This was looked at in bug 847592 — see bug 847592 comment 49 and the next few — but it needs its own bug. To summarize: We'll sometimes want to know what threads are doing when they're not on the CPU — if they're blocked (and, if so, on what) or if they're runnable but not running due to scheduling decisions. The perf_event framework has an event type for probing context switches, which would give us this information, but it doesn't gather call stacks on ARM. It looks as if at least part of what's missing is perf_arch_fetch_caller_regs, whose implementations on other platforms are relatively simple. That retrieves the necessary kernel registers, so there may be something else needed to get the user stack as well.  http://lxr.free-electrons.com/ident?i=perf_arch_fetch_caller_regs
Summary: Allow perf_event sampling of context switches to get call chain → Allow Linux perf_event sampling of context switches to get call stacks on B2G
Created attachment 762996 [details] [diff] [review] Linux kernel patch (against 3.10.0-rc5+) to add perf_arch_fetch_caller_regs on ARM Here's a patch against Linux master. Note that it hasn't been run past upstream yet, and it may not apply cleanly to other versions.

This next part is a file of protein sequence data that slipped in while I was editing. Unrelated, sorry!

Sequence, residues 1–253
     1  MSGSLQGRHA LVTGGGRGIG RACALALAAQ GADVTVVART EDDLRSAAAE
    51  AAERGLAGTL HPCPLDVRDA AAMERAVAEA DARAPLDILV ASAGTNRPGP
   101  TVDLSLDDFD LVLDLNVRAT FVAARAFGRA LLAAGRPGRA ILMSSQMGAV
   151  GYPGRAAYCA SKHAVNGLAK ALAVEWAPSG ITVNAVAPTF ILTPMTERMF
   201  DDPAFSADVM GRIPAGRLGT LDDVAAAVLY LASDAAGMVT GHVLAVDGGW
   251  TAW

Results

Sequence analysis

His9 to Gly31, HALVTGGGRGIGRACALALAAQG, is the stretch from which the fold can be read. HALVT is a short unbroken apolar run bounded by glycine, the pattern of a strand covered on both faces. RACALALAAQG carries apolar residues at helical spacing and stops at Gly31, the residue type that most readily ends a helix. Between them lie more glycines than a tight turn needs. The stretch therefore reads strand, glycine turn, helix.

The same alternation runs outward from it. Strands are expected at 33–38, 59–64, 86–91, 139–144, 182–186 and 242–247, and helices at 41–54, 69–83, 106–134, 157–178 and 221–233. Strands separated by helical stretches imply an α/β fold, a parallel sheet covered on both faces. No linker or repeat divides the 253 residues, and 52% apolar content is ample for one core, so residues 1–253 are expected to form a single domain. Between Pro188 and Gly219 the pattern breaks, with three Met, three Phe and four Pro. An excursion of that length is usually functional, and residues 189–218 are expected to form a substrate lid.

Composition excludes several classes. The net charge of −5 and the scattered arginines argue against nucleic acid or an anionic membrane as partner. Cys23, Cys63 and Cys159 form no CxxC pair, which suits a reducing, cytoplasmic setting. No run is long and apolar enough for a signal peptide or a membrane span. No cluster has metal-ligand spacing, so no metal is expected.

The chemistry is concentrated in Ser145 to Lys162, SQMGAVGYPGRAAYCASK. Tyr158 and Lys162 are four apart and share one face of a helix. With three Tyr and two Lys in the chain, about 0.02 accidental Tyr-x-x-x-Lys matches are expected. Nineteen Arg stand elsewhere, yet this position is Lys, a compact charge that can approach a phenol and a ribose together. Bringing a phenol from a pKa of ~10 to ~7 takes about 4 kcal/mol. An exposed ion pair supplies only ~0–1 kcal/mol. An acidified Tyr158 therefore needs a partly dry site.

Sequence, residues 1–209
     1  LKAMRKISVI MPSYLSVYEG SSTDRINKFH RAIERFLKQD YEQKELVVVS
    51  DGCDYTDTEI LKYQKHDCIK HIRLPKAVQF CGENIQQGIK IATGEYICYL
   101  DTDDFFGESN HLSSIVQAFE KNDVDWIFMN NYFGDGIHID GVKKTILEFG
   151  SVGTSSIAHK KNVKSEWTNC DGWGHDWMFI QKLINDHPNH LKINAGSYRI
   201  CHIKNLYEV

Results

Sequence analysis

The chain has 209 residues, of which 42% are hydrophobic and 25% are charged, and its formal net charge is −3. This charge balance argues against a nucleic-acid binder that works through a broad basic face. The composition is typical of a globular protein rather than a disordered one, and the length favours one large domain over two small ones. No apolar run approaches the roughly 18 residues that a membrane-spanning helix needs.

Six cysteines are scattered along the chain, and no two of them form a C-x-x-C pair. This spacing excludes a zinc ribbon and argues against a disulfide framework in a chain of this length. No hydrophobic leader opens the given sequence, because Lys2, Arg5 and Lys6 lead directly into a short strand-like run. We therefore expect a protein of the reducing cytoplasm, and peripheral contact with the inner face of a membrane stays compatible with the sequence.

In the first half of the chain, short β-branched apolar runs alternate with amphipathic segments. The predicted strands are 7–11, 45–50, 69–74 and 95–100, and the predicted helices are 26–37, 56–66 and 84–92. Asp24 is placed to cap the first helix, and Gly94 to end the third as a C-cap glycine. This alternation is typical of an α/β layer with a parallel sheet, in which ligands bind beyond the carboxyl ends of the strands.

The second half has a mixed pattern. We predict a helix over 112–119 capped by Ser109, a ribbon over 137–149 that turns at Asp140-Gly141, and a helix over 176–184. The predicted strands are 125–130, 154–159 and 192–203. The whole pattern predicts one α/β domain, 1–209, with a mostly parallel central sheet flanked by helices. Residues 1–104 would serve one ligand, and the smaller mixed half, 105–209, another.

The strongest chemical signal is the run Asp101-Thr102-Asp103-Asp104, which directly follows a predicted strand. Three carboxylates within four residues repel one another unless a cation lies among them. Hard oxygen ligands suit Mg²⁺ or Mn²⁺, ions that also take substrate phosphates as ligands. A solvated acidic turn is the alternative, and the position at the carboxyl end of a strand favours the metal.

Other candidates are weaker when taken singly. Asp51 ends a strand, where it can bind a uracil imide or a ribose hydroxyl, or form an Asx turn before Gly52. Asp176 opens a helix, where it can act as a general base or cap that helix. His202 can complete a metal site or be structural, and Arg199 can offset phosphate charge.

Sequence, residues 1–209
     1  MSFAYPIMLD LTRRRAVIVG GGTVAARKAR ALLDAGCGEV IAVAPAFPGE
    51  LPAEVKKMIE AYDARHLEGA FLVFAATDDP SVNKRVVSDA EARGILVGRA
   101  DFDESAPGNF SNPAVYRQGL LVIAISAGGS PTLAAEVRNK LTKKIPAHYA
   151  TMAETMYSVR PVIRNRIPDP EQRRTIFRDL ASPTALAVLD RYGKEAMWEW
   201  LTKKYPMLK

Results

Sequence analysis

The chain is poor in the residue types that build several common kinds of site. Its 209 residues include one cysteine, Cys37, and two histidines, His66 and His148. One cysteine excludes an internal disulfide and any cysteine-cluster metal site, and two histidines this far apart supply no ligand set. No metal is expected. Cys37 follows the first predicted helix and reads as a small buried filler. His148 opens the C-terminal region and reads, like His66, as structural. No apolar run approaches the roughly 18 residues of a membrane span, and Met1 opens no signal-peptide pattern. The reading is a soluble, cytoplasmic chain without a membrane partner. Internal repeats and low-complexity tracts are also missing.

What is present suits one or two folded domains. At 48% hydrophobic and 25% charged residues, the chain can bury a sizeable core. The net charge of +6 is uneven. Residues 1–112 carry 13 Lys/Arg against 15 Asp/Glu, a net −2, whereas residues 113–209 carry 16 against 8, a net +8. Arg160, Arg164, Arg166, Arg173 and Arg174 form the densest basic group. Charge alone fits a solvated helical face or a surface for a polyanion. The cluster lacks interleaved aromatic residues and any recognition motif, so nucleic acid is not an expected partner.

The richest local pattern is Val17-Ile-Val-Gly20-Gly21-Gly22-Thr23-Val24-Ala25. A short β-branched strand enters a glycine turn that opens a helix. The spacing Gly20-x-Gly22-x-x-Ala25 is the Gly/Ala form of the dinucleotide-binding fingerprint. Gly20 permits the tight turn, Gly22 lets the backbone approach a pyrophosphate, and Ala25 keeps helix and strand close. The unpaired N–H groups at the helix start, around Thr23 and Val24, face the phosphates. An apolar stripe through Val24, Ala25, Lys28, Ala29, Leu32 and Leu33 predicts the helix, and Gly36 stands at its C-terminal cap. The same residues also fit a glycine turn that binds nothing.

Created attachment 762997 [details] [diff] [review] Linux kernel patch (against 3.0.8-GP+) to add perf_arch_fetch_caller_regs on ARM This one is for applying to the geeksphone keon kernel.
Attachment #762996 - Attachment description: Linux kernel patch (against 3.10.0-rc5+) to add perf_arch_caller_regs on ARM → Linux kernel patch (against 3.10.0-rc5+) to add perf_arch_fetch_caller_regs on ARM
Depends on: 904899
Whiteboard: [p=5 c=profiling] → [c=profiling s=2013.09.06 p=3]
Whiteboard: [c=profiling s=2013.09.06 p=3] → [c=profiling s= p=3]
I got a proof-of-concept working, Wednesday morning during the Oslo work week: https://people.mozilla.org/~bgirard/cleopatra/#report=619e178f5e8e20e78f9b07ab2dd4e5e0b7176345 Judging by the relatively large number of non-unwound samples there are probably some bugs, but it works. The question is: how does this compare to the Gecko profiler, especially given that it's gaining the ability to sample multiple threads in different processes and combine them into one profile (which was arguably perf's big advantage), and should soon be able to trace past jitcode (which at this point perf seems unlikely to ever be able to do, at least not without even more kernel changes and special-case hacks)?
I still think being able to tell why a thread is blocked (just switched out, stuck on IO, waiting for a lock) is extremely valuable. If we can get that information with the Gecko profiler then I'm happy.
This is probably not happening in any form; I think the Gecko profiler can get roughly equivalent information by now; and it's possible that the upstream Linux kernel already took care of this.
Status: ASSIGNED → RESOLVED
Last Resolved: 3 years ago
Resolution: --- → WONTFIX
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